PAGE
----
Direct sun is good for sanitizing dry blankets, not for regular drying of wet laundry.
Americans are so used to electric dryers that many who would like to air-dry their laundry hardly know how to start—and some have such bad experiences that they give up on the idea! To learn a convenient system for air-drying laundry that will take no more of your time than an electric dryer, read on. You can easily reduce your greenhouse gas emissions by an average of 7%, and enjoy a lower electric bill (ours is $20/month). And your clothes will last longer.
Make the Space
Get rid of the dryer, and you'll instantly have space to hang the laundry. Seriously, you don't need it! I've only needed one twice in twelve years. On the rare occasion you need one, go to a laundromat, or ask a friend or neighbor if you can use theirs.
Clothes dry quickly in our climate. Hang laundry indoors; a place near the washer is most convenient. A sheltered area outdoors is okay. Outside in the open is not advisable. The direct sun along with dirt and pollen is hard on clothes, bugs can fly into them, and the occasional bird poop is a problem. Direct sun is good for sanitizing dry blankets, 10 minutes on each side, to kill dust mites.
I live in a 1000-square-foot townhouse. If I can find room to hang all our laundry, you can, too. All you need is proper equipment.
Ditch the Clothesline
Most people start with a clothesline. Don't! It will sag, take up an enormous amount of space and require too much time and effort to hang up clothes. Instead:
For socks, underwear, and other small items: Go to a well-stocked Japanese or Korean market and buy a clothes-hanging device for $8. It's a round or rectangular plastic rack about 2 feet across, designed to hang down from a rod, with a few dozen clothes-pins permanently attached. These make it super quick and easy to hang up an amazing number of small items in a compact space. And never again will you accidentally drop a clothespin.
Button-down shirts: I hang these on regular clothes hangers, on a clothes rod mounted above the space where the dryer would normally go. When dry, I simply move the shirts, hangers and all, back into our bedroom closet.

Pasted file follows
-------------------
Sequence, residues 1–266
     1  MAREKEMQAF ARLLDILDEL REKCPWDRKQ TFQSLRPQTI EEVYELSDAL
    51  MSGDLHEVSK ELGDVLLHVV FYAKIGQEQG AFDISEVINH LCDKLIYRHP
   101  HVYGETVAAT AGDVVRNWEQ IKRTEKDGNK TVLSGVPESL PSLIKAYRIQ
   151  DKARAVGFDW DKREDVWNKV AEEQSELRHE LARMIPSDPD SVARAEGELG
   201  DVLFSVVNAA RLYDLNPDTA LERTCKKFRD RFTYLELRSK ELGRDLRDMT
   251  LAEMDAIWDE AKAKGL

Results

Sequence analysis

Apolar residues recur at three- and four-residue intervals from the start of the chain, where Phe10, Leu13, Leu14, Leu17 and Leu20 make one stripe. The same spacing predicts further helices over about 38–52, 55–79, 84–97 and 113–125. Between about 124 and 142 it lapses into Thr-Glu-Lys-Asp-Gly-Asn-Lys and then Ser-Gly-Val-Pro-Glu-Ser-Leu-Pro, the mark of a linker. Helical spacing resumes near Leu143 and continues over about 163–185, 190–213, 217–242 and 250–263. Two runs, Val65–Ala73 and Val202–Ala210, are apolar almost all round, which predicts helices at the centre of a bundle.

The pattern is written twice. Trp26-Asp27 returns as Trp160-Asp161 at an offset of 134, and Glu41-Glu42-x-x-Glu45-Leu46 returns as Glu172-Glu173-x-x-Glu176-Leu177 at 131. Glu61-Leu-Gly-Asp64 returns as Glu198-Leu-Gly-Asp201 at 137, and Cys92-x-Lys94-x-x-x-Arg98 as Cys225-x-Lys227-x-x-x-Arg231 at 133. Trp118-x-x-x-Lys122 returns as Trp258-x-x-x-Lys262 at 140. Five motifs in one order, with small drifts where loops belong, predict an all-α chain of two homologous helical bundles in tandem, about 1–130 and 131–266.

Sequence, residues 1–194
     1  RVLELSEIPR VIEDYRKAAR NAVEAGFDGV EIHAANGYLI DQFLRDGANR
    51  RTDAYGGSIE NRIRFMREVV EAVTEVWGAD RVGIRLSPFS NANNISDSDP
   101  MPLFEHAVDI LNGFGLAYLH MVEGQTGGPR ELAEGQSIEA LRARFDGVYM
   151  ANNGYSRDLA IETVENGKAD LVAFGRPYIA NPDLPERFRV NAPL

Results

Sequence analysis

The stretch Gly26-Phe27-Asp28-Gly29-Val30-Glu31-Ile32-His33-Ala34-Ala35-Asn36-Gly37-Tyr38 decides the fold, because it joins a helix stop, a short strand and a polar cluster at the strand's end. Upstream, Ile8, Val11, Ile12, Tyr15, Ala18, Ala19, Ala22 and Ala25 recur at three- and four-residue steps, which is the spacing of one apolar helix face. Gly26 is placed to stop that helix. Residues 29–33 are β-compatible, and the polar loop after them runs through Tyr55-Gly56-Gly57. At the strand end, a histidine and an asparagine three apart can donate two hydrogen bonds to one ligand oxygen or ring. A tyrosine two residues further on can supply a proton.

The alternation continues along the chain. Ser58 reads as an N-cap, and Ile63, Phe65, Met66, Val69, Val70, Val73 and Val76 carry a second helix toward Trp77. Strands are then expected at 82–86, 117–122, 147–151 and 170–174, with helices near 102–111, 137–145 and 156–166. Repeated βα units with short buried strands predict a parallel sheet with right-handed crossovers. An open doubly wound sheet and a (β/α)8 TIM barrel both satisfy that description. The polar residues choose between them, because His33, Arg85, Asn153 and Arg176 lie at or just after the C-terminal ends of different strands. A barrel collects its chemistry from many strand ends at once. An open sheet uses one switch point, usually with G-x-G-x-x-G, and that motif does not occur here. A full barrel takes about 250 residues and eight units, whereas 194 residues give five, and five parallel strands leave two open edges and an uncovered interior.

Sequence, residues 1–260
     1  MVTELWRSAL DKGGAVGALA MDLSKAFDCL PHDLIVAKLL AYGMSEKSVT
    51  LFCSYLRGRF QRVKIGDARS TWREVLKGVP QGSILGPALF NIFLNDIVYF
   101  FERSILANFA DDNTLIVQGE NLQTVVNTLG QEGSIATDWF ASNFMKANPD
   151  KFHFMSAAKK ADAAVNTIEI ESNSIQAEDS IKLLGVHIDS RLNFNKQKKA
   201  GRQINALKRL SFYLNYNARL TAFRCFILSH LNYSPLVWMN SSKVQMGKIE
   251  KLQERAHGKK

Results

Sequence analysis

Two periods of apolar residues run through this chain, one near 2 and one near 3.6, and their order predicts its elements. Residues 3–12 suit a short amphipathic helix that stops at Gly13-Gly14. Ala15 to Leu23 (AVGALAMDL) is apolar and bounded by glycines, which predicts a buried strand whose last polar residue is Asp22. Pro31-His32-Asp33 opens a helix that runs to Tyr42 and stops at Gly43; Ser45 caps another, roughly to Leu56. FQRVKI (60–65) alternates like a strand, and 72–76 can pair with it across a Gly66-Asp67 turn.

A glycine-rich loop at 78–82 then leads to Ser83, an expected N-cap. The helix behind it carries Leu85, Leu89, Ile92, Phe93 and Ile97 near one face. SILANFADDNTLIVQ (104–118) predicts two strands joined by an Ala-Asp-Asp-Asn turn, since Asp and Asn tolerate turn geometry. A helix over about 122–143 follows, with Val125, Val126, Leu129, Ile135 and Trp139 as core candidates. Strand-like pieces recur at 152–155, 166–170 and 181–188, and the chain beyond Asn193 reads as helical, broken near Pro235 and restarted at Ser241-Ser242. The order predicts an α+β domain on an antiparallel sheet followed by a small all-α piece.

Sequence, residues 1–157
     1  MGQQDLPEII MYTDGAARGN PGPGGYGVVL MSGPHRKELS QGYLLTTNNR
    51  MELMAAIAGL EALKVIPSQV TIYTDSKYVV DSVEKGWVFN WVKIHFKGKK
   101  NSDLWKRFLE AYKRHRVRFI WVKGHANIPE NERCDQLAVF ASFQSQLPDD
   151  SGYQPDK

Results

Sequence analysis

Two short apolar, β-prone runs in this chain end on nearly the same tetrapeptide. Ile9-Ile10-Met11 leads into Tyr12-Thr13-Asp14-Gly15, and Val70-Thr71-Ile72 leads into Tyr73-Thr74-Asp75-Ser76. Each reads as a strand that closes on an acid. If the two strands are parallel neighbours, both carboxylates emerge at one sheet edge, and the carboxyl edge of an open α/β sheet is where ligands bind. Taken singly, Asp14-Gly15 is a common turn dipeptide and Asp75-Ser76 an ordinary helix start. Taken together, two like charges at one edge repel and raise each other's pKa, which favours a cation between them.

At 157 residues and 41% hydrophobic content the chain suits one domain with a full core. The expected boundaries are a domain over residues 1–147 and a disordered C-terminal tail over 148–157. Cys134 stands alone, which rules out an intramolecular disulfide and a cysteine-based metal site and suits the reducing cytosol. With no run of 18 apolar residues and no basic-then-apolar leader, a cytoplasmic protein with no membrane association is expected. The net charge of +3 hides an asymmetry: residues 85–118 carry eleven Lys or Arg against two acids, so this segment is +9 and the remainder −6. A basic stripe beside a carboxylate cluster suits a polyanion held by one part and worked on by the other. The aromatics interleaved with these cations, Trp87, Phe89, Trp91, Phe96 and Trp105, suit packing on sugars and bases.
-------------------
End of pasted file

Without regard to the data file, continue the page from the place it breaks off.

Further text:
Pants, towels, large linens, blankets: At the Kyo- Po Korean market on El Camino Real in Santa Clara, I bought a laminated metal stand-alone clothes-drying rack for $20. It folds out tall enough to dry a queen-sized bed sheet, and has an area where you can lay a sweater flat to dry. I also use one of those chrome-plated folding clothes-drying racks. I recommend chrome over wood which tends to warp, break, mildew, or splinter over time.
More hanging space: Above the washer I set up a pulley (I used a bike storage pulley that you can buy from Performance Bike for $40 or so when it's on sale) to lower or raise a small clothes drying rack as needed.
Last, I mounted a clothes-hanging rod across a four-foot-wide entryway. It's high enough not to catch anyone's head but low enough for me to reach it. I just throw a queen-size sheet over the rod, spreading it out to maximize surface area and minimize wrinkles. The sheet dries within 24 hours.
Shake the Wrinkles
Shake out the wet clothes with a flick of your wrist when you hang them, so they don't dry wrinkled. Dry pants inside-out so that pockets will dry out faster.
Front-loading washers spin more of the water out of clothes than top-loading washers do. Use a front-loader, and your clothes will air-dry much faster.
Hang up clothes within a few hours of the wash cycle to keep them smelling fresh. A generous squirt of Bac-Out Stain & Odor Eliminator in the wash also helps get sweaty clothes clean even in cold water.
If you follow these tips, you'll save a lot of money, and as a bonus, be able to fold and put away the dry laundry much faster. You won't miss that dryer at all!
Margaret Okuzumi is a member of the Chapter Executive Committee. She lives in Sunnyvale with her husband, Bruce.